What are the risks that bleeding would occur?
There is uncertainty as to what precisely the risk of bleeding from an AVM is as we cannot know how many individuals live a full life without their AVM ever bleeding. Furthermore each AVM is somewhat different in terms of it's architecture meaning that the stresses and strains on the blood vessels involved may differ from one individual to the next. One should therefore be cautious in extrapolating from population statistics to the individual.
The best quality data currently available suggests that the risk of a first haemorrhage from a brain AVM lies between 1.2 to 2.2% per annum approximately. Increasing age and a history of previous haemorrhage are confer a higher risk of bleeding. The risk of a second haemorrhage occurring is estimated at 4.4% per annum on average.
Each episode of bleeding poses a risk to ones life and a risk of conferring or compounding disability. It is not possible to be specific as to the level of such disability in advance.
Why does an AVM bleed?
Bleeding from an AVM may originate from a number of sites. Aneurysms are balloon-like dilatations that develop on walls of bloods vessels often as a result of "wear and tear" over time. Aneurysms may develop on the arteries carrying blood to an avm. They may develop within the substance of the nidus itself and on the veins carrying blood away from the malformation. Aneurysms on the arteries irrigating the AVM are sometimes termed flow aneurysms and should they rupture blood is released primarily into the cerebrospinal fluid (CSF) around the brain.
Rupture of a nidal aneurysm is more likely to produce a blood clot within the brain itself. Rupture of a venous aneurysm typically results in blood within the CSF containing ventricles. In reality if the bleeding is of sufficent volume blood may be located within any of these spaces concurrently.
Another reason that the nidus of an AVM may rupture is that the veins draining the malformation become obstructed. This can result from blood clot (thrombosis) developing in said vein. Should there not be sufficent redundant outlets for the blood flow the resulting pressure build-up in the nidus can be enough to cause bleeding. Blocakages of veins may be complete and sudden o may be partial producing a venous stenosis that may be demonstrated on imaging. Unfortunately it is not possible to be precise as to the risk posed by such a feature when observed.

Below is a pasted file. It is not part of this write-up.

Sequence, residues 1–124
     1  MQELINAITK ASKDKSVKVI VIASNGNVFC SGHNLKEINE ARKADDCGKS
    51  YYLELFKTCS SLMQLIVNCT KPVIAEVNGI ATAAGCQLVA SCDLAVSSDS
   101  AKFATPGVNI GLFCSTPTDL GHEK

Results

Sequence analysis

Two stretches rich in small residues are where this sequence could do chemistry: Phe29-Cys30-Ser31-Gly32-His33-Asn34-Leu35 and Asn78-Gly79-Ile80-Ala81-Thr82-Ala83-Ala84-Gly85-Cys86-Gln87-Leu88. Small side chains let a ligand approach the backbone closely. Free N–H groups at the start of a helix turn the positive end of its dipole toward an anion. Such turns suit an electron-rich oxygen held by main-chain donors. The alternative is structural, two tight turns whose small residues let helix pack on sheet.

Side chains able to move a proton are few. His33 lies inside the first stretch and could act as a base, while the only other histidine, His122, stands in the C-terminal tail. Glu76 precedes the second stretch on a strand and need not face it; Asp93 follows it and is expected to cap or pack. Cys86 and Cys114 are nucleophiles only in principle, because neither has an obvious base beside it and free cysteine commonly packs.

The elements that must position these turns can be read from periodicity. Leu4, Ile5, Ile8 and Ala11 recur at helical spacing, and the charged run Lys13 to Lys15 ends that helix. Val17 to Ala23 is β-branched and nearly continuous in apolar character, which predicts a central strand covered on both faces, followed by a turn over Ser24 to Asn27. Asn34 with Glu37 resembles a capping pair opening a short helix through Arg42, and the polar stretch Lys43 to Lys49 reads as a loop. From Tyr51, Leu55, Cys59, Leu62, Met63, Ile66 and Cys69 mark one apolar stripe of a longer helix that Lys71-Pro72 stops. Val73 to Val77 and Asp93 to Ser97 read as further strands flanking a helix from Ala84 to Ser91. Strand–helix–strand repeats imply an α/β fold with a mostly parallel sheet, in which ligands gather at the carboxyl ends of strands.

How is bleeding Managed?
A first priority is to stabilise the patient's vital functions just as one would following any other type of stroke. Urgent transfer to the nearest emergency department is appropriate, oxygen is administered and intravenous access set up. Most hospitals with an emergency dempartment will be able to carry out a CT scan and establish that a brain haemorrhage has occurred. The meidcal team their would then contact their nearest neurosurgical unit for advice.
A few individuals suffering a sudden catastrophic haemorrhage may be beyond help and for that reason are not transferred to the neurosurgical centre. The neurosurgical team's priority will be to control the pressure exerted by bleeding inside the head if that is possible to do. This may mean that the patient is maintained in a medically induced coma. A small tube (external ventricular drain) may be placed to remove cerebrospinal fluid thus reducing pressure. Larger blood clots that are pressing on vital structures may need to be removed. It is usually the case that any assosciated AVM will not be removed at the same time as it is frequently safest to address the blood clot then allow the brain to recover before returing to deal with the AVM. There are occasions when the AVM needs to be addressed surgically at the same sitting and that is a decision for the operating team at the time. Learn more about the surgical removal of an AVM as well as the other means of treatment by consulting the menu on the right of this page.